Parent saliva poses a risk to baby health – study

Science and Health

One will often see mothers who – when their baby throws its pacifier on the floor – pick it up and put it in her own mouth to “clean” it. Some parents also kiss their babies on the mouth or share the same cutlery or even a toothbrush in an emergency/ 

This is a terrible mistake. An adult’s mouth is full of a large variety of bacteria and fungi, including harmful pathogens like Candida albicans. 

A new study from the US and Kuwait has found that mothers with high levels of dental plaque are eight times more likely to transfer Candida albicans, which is involved in tooth decay and gum disease, to their babies, underlining the need for moms to keep their teeth clean.

Nisreen Al Jallad, Tong Tong Wu, and Jin Xiao from the University of Rochester in New York and Naemah Alkhars from Kuwait University have just published their findings in the journal PLOS One under the title “Multilocus sequence typing of oral isolates reveals high genetic relatedness of mother-child dyads in early life.”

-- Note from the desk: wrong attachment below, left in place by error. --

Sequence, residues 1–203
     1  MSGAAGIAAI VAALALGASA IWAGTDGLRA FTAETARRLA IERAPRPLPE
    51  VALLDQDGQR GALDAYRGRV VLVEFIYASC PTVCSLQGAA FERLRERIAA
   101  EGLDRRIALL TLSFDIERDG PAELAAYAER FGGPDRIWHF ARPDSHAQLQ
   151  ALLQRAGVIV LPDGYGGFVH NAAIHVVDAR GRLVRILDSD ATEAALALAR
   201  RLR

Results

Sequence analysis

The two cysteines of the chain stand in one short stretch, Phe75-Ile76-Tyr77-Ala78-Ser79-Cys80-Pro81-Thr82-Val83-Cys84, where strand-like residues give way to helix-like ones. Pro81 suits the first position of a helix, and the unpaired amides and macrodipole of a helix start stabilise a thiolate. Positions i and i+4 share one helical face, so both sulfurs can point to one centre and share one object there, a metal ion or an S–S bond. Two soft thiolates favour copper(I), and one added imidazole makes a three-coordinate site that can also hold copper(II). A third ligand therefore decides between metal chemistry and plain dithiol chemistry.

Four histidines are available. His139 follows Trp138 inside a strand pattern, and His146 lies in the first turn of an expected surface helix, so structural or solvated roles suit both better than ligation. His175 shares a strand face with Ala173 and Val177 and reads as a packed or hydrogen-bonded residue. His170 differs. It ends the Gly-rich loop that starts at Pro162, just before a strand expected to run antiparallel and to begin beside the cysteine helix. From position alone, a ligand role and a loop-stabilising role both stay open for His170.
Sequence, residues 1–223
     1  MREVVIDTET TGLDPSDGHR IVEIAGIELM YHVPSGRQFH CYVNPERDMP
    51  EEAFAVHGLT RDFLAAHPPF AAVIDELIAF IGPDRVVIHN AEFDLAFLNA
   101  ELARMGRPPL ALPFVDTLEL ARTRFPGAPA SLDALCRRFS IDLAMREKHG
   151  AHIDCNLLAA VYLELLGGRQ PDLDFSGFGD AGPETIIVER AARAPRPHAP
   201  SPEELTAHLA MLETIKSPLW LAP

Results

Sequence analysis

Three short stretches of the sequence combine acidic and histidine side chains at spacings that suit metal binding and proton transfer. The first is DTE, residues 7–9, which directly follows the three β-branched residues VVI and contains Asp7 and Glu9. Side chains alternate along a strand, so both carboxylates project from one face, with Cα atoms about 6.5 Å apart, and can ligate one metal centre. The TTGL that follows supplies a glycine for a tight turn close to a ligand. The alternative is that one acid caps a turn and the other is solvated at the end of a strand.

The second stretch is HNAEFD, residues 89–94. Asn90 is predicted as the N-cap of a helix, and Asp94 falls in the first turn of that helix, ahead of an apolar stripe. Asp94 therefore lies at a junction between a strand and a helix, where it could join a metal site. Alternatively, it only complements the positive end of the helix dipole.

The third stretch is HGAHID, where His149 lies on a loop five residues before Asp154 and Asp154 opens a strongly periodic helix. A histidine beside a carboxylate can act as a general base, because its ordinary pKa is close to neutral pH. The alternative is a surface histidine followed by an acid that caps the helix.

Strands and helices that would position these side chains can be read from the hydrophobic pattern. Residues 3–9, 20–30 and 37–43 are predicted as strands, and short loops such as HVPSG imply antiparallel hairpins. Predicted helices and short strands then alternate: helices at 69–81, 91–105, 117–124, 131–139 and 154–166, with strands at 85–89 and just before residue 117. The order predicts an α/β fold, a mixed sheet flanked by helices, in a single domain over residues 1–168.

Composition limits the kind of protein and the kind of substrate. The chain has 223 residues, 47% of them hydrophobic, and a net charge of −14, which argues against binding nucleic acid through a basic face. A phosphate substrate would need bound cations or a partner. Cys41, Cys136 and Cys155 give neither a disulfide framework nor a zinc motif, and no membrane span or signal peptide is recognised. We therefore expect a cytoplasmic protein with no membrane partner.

They wrote that Candida albicans is a pathogenic fungus recently recognized for its role in severe early childhood caries development. Its colonization in the mouth begins at birth, but the extent of the mother’s involvement in yeast transmission to their children has been unclear. 

An illustrative image of a mouth swab for DNA testing (credit: INGIMAGE)

How did the researchers come to the above conclusion?

Their study used a prospective mother-infant cohort to investigate the maternal contribution of C. albicans oral colonization in early life. Oral samples were collected from 160 mother-child pairs during pregnancy and from birth to two years of life. They used whole-genome sequencing to obtain the genetic information of C. albicans isolates and examined the genetic relatedness of C. albicans between mothers and their children.    

Although factors such as race, ethnicity, delivery method, and feeding behaviors did not show a significant connection with transmission from mother to baby, the mother’s oral hygiene status reflected by plaque index emerged as a significant factor.


Studies have reported that C. albicans can be detected in the saliva and dental plaque of individuals with dental caries and that its concentration is higher in those with active caries than in those without, the authors wrote. In addition, the fungus has been shown to form biofilms on the surface of teeth that can promote the retention of other microorganisms and contribute to the development of cavities.